It’s not a monster or an eight-story-tall rollercoaster. In fact, it’s only two words, but it’s two words that often strikes fear into the heart of adopting families around the country. Open Adoption.
Decades ago the adoption world often discouraged contact between adopting and birth parents, but that began changing in the 1960’s. The Evan B. Donaldson Adoption Institute has conducted research [Openness in Adoption: From Secrecy and Stigma to Knowledge and Connections] which indicates openness is a better solution for the child and families involved.
According to Kathleen Silber MSW, ACSW, the Executive Director of the Independent Adoption Center, there are many reasons why open adoption is beneficial to all parties. At the top of the list, the long-term mental well-being of the adopted child.
“Ongoing contact helps the child feel confident that they are loved by all of their parents, instead of feeling rejected or abandoned by his biological parents,” said Silber.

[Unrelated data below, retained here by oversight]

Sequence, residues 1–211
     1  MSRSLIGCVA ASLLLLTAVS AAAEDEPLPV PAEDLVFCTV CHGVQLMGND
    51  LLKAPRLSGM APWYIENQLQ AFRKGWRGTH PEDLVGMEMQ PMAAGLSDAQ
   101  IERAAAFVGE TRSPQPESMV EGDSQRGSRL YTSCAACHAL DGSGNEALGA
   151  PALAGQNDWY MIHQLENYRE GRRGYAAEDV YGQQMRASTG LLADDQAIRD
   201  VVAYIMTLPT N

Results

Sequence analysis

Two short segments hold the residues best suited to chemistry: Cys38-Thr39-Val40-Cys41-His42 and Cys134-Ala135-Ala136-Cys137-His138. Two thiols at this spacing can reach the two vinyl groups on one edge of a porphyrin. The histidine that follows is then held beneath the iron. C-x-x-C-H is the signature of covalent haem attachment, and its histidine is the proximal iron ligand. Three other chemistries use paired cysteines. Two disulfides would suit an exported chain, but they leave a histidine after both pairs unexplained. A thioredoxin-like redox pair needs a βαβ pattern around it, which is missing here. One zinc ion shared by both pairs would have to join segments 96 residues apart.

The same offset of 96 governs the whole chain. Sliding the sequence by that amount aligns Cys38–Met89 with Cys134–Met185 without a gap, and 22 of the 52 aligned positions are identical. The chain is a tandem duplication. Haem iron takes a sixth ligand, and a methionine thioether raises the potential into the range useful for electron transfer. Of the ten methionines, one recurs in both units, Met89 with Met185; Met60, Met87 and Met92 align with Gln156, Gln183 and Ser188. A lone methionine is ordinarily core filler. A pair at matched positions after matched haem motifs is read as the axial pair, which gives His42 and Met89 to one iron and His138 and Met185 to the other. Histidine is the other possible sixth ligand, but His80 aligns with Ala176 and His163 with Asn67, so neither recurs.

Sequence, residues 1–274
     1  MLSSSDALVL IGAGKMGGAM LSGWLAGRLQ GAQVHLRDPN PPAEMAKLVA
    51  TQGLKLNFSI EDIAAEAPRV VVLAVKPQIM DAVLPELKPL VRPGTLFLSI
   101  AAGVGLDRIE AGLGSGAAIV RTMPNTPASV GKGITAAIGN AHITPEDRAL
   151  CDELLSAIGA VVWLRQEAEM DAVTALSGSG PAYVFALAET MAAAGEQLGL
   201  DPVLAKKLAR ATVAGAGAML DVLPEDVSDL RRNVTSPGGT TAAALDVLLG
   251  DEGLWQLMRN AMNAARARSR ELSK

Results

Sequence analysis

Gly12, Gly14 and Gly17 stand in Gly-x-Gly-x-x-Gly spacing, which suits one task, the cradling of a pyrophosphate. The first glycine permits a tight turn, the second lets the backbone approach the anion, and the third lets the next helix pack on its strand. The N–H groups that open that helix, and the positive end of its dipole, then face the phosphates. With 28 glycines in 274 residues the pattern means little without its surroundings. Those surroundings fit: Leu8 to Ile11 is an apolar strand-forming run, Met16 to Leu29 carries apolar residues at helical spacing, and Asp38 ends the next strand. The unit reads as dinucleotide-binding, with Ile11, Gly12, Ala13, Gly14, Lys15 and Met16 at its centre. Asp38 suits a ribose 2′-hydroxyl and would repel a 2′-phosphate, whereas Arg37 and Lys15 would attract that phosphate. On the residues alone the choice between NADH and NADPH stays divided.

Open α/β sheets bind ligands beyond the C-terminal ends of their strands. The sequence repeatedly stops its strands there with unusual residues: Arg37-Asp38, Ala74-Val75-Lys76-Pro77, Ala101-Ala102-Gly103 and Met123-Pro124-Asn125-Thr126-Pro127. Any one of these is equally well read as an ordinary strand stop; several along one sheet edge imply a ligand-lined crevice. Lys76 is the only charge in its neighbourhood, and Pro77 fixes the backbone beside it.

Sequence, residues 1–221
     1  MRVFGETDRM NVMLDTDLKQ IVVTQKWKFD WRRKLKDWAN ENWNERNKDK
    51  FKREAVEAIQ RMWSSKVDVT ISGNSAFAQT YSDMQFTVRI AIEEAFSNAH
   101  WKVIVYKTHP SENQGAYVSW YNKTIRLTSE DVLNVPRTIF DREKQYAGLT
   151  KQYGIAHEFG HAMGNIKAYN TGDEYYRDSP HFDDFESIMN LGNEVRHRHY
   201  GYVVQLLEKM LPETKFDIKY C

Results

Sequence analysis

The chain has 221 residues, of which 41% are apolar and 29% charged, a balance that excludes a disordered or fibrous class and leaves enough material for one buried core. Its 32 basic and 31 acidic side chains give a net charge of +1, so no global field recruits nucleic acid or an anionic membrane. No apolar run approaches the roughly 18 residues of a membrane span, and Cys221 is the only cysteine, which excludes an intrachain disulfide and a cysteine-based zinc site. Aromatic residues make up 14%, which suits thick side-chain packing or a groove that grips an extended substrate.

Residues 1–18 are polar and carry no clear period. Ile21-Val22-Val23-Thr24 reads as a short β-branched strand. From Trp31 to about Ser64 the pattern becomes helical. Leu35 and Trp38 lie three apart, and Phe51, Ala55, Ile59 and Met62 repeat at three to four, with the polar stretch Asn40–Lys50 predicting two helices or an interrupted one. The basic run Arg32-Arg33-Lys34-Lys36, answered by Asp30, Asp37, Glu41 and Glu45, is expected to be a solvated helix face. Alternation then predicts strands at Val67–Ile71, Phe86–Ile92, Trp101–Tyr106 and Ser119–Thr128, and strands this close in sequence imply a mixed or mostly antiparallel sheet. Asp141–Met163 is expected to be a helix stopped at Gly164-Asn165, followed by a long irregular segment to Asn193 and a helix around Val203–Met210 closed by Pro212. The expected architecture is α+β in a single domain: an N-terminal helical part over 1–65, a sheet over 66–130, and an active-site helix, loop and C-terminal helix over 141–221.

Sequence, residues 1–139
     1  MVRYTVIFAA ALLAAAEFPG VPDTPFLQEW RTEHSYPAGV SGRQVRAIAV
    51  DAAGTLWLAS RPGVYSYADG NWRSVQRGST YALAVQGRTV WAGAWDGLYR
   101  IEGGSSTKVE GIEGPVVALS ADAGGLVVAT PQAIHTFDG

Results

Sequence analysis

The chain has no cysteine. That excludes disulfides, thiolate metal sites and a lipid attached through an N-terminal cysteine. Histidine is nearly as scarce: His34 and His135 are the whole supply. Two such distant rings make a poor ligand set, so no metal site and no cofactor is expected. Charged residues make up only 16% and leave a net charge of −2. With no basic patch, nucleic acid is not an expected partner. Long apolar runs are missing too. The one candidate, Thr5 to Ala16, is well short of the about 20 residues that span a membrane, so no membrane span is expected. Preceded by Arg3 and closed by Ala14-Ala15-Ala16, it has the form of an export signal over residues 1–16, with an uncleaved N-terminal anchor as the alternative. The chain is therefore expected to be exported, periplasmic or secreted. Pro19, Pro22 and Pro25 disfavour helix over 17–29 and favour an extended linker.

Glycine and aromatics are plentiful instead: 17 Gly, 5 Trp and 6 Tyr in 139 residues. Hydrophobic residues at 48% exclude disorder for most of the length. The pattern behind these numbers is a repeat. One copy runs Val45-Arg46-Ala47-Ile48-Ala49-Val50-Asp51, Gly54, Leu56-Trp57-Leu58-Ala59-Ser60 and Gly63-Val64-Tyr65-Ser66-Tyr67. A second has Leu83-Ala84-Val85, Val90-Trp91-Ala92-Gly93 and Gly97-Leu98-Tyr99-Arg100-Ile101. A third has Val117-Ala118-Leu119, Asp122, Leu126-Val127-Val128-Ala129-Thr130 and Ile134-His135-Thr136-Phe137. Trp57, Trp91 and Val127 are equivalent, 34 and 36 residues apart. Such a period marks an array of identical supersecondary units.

According to the National Council for Adoption open adoption is increasingly encouraged.
The Awareness Center has several resources focusing on open adoption in an embryo adoption scenario available to potential or already existing adopting families.
Earlier this year, the Awareness Center hosted an online webinar “How Open is Open Adoption”, addressing the preconceptions and misconceptions associated with Open Adoption. A recording is available on EmbryoAdoption.org.
You can also view a video chronicling the story of Jason and Jennifer, a family who donated their remaining embryos to an adoptive family. Jason, Jennifer, and the adoptive family chose an open adoption and explain they are glad they did.
To learn more about embryo adoption, visit EmbryoAdoption.com.
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